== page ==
The following story is not uncommon:
My 86-year-old mother has been in an assisted living community close to my home for the past two years. She has been declining slightly, almost imperceptibly, over the years. Most recently she fell while in her room and was unable to get up or reach out for the call cord. It wasn’t until later that day, when mom did not come to dinner, that a staff member finally found her on the floor. She had been there for hours.
Fortunately, she was only weak and did not suffer any serious injury but it was of major concern for both myself as well as the center’s administrator.
When I was called about the incident, I spoke in length with the administrator. She told me that it was “time” for mom to move to skilled care, that it was best for her own safety.
I was disheartened for mom. She never wanted to go into “one of those places”. She loves her apartment, her friends and was still mentally strong and even physically strong. I took the time to research nursing homes and spoke with her doctor. He said that with her age and the fact she fell and was unable to find the strength to get up, that it was an indication her health was declining. I was sick to stomach. I argued with him that she doesn’t seem forgetful and that this environment was so good for her mental and emotional state. Of course, I want her to be safe but how is she going to feel having to go into a nursing home? How in the world would I tell her? How could we afford 24 hour skilled care? Can this facility force her to move?
These concerns are complex and unfortunately common. In fact, these questions are the same that you may have when faced with a situation such as this.
Here are some others issues to consider:
What kind of contractual agreement does your mother have with the retirement community? Many assisted living facilities have month to month agreements. Often, when the facility needs more care, they can ask the resident to leave.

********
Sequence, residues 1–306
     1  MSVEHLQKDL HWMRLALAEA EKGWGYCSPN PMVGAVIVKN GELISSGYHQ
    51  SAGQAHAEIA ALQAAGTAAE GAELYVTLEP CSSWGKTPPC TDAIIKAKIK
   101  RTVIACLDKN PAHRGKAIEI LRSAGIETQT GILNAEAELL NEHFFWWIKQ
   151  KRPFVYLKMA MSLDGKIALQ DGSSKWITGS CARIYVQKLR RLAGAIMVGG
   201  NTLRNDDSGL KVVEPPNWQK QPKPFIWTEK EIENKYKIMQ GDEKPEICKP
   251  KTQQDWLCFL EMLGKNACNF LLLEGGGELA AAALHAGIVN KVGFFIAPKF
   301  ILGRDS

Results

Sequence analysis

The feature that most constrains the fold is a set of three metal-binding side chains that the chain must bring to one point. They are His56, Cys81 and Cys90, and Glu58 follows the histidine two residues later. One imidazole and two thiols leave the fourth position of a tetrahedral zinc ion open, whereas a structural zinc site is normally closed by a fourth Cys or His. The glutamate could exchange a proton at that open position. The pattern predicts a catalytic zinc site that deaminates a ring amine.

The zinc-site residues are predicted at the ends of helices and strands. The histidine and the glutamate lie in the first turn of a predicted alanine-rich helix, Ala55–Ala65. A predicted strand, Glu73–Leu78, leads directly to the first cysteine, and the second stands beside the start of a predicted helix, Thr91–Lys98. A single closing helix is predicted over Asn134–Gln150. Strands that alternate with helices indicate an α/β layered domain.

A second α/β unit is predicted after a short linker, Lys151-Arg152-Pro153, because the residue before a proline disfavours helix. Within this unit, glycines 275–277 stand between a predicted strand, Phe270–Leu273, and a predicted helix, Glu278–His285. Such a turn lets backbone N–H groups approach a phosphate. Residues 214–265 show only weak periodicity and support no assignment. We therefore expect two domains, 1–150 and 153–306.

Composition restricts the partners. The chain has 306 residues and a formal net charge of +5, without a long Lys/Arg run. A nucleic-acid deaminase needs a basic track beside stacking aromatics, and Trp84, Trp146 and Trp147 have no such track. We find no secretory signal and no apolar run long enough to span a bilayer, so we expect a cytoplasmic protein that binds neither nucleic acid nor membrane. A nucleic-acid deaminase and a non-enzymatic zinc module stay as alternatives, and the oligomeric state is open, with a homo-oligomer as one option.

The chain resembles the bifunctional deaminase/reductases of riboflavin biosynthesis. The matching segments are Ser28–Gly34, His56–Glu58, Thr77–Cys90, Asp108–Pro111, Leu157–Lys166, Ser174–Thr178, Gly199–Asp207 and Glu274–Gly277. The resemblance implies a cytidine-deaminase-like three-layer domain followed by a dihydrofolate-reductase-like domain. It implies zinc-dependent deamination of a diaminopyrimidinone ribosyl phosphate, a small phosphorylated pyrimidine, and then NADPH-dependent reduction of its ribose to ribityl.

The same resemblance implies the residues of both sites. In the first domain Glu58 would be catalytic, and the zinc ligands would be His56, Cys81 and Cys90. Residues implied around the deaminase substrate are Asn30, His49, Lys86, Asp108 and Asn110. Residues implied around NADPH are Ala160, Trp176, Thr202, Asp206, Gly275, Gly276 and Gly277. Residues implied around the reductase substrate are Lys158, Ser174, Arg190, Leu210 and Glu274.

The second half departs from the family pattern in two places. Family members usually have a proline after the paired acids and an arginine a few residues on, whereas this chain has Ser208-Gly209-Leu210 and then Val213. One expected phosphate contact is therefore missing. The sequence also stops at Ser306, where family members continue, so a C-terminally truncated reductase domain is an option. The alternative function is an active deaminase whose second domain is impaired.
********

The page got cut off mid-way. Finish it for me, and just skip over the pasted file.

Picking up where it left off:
If it is a continuing care retirement community (CCRC), it is often stipulated in the contractual agreement that a nurse’s assessment will determine the location and level of care. It is more difficult for staff to provide services all over a large community and easier if all the people needing care such as medication and continence management are in the same building or on the same floor.
One other consideration is to think about how good your mother’s quality of life may be when in a different setting. This can be difficult to assess and often depends on both the individual and the setting. Consider the levels of attention she may receive in a nursing home: less privacy and perhaps more restrictions with less activity and social schedules. Also, the cognitive levels of the other residents may be less than your mother’s, therefore she may not be able to establish as many friendships.
Some possible interventions might postpone or preclude a move to nursing home care:
1.The option of physical therapy and exercise. Can her strength be regained with the appropriate guidance and strength training?
2.Outside assistance. Can you afford and will the facility allow an in-home care agency to provide assistance in her room?
3.Are you or other family/friends able to intervene more and see her on a more frequent basis?
Give all of the above serious consideration. Unfortunately, because we live in a litigious society, the facility may have liability concerns. If you are confident that it is best for your mother to stay where she is, you may want to inquire if the facility has a negotiated risk agreement or a “hold harmless” contract, where your family would basically promise not to sue if there is an adverse event.
This is an important decision and one that needs to be made carefully. Seeking the advice of an elder law attorney can help you review the emotional, financial and long term issues for your mother, while protecting both her, you and the future.